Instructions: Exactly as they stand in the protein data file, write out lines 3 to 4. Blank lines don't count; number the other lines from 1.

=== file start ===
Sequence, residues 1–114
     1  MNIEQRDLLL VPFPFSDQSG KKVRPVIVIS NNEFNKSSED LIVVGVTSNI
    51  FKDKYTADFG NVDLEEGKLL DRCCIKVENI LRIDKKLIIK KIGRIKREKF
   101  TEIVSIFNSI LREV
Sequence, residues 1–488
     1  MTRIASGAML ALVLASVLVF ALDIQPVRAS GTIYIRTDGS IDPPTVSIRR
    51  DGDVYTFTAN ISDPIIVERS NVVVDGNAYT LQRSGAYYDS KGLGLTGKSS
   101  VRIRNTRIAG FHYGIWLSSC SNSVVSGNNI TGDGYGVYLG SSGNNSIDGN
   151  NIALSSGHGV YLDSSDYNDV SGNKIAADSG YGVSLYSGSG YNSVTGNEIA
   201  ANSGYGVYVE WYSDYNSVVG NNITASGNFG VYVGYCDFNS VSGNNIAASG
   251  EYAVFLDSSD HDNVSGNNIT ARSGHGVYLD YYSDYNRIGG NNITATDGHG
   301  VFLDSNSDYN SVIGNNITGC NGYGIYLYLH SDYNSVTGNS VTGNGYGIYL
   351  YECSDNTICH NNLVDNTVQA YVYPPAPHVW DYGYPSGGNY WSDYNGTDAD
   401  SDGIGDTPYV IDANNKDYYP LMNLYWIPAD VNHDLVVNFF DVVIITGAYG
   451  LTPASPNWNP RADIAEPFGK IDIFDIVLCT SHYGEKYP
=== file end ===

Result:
    51  FKDKYTADFG NVDLEEGKLL DRCCIKVENI LRIDKKLIIK KIGRIKREKF
   101  TEIVSIFNSI LREV